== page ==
Altria (MO -0.48%) investors are likely glad to see the back of 2017 but some income investors may very well find the stock to be a gold mine this year and beyond.
The maker of Marlboro cigarettes was rocked when the FDA proposed reducing nicotine levels, but the stock subsequently regained most of their value as the likelihood of that occurrence seemed minimal, or at least far enough into the future to not worry about.
Any serious effort to regulate cigarettes out of existence would run into a wall of legislative and legal opposition. So with Altria's business potential still intact, investors should focus on that.
Smoke and mirrors
Although cigarette use continues to decline and Philip Morris International (PM -0.67%) has declared the future to be "smoke free," cigarettes are and will continue to be a profitable venture. And because its Marlboro brand continues to own the lion's share of the market -- some 43% of all cigarettes on the market, even though it's slipped a few points in recent quarters -- Altria will still lead the way.
Marlboro accounts for 85% of Altria's cigarette shipments, and it has been the largest-selling cigarette brand in the U.S. for over 40 years, meaning it's responsible for a substantial portion of the tobacco company's $8 billion or so in annual operating profits. That's not about to change anytime soon.
While excise taxes can cut into earnings, Altria and the other cigarette makers are able to make up for them by raising prices, which they tend to do twice a year. This does cause the industry to lose more smokers every year, but the inelasticity of demand -- most smokers grudgingly pay the higher prices -- keeps profits elevated. With gross margins of nearly 50% and operating margins of 38%, Altria remains a strong business, higher taxes or no.
The next generation
Of course, Altria and the rest of the industry are looking to the future, which does seem to be, as Philip Morris says, smoke-free. All the players now have electronic cigarettes on the market, Altria included, which offers the MarkTen brand. Although it has about a 13% share of the market, it's far behind Juul Labs' JUUL device, which is estimated to have a 40% share, and the Reynolds American Vuse, with about 25%.
Altria counted on the introduction of Philip Morris's iQOS heated tobacco device to catapult it to the forefront. The FDA advisory panel considering the application for a reduced-risk designation for the iQOS just delivered it a body blow, determining it shouldn't be considered a safer alternative to combustible cigarettes. But that doesn't mean the company won't still be able to market the device.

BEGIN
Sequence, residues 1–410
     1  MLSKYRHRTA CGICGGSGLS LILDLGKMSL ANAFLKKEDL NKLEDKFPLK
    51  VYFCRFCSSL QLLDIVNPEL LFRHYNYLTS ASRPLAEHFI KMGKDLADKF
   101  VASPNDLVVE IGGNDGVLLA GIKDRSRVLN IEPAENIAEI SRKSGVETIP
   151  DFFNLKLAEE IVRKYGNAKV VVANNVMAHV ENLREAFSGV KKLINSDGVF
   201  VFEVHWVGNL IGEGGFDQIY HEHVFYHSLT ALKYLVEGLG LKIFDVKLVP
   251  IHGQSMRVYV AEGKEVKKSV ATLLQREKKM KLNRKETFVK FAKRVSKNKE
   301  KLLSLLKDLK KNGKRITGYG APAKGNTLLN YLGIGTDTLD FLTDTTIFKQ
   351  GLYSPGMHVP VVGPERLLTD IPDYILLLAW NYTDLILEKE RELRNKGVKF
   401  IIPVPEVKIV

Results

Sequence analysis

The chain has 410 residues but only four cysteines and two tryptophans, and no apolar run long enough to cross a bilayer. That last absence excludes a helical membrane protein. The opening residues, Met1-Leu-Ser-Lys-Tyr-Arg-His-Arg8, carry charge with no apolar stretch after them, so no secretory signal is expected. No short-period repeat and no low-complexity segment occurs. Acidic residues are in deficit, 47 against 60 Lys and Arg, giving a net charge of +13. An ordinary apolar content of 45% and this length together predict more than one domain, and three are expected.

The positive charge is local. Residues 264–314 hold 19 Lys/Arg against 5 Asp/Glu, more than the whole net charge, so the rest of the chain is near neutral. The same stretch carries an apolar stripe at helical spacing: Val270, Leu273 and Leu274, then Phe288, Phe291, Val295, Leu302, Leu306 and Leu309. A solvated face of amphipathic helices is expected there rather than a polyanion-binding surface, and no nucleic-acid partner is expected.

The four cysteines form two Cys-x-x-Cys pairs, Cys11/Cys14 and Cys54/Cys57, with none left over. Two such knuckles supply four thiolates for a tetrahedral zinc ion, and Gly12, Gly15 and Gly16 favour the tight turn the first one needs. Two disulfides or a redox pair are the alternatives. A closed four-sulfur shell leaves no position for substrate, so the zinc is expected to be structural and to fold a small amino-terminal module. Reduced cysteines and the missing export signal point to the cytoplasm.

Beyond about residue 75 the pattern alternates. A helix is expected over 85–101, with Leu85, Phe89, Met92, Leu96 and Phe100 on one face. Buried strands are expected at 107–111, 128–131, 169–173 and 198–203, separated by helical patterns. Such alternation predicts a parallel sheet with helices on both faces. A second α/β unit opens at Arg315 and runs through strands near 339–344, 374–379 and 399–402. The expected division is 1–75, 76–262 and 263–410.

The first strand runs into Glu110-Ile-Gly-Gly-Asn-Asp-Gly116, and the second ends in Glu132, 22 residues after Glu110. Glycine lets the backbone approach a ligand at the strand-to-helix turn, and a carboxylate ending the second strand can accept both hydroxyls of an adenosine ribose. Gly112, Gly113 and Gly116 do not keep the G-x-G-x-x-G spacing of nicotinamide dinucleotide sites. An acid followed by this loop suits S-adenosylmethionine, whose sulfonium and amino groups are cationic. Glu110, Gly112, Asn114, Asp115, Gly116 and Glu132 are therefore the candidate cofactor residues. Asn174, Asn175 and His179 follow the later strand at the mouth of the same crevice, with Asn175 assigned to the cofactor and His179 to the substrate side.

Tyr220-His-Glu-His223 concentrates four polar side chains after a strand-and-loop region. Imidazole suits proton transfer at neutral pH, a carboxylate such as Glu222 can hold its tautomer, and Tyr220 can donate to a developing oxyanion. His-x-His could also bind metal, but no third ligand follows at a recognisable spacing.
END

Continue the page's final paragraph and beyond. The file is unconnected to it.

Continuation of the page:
Obviously, it would have been better for it to get the reduced-risk label. That would have given the iQOS a competitive advantage, one which would have benefited Altria because the device will be marketed in the U.S. as Marlboro Heat Sticks. But the new technology may still resonate with smokers looking to quit cigarettes while still seeking real tobacco flavor.
Because the iQOS and British American Tobacco's (BTI 0.30%) similar iFuse glo heat tobacco rather than burn it, the vapor created has been deemed by a number of health agencies around the world to be a better option for smokers. The FDA has largely not followed suit in that thinking. Still, getting the device on the market could lift sales and share prices at the same time.
Once and future partners
The possibility of Altria and Philip Morris International working so closely together again has many analysts expecting a merger, with one buying the other. In either case, the resulting combined company will be a global powerhouse in both tobacco and next-generation electronic cigarettes.
Altria currently pays a dividend of $2.64 per share that yields 3.8% annually. It also has an enviable record of raising its payout each year over the past 50 years, and despite challenges faced in the marketplace, will undoubtedly continuing raising the dividend for the foreseeable future.
That alone makes Altria a potentially lucrative pick for income investors.